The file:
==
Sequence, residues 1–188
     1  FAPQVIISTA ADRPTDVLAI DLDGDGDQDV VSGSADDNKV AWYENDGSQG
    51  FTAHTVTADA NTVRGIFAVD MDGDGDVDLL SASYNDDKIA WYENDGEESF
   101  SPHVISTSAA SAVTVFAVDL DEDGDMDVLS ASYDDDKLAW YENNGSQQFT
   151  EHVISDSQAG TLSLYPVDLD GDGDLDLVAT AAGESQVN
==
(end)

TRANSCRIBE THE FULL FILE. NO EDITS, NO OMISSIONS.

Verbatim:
Sequence, residues 1–188
     1  FAPQVIISTA ADRPTDVLAI DLDGDGDQDV VSGSADDNKV AWYENDGSQG
    51  FTAHTVTADA NTVRGIFAVD MDGDGDVDLL SASYNDDKIA WYENDGEESF
   101  SPHVISTSAA SAVTVFAVDL DEDGDMDVLS ASYDDDKLAW YENNGSQQFT
   151  EHVISDSQAG TLSLYPVDLD GDGDLDLVAT AAGESQVN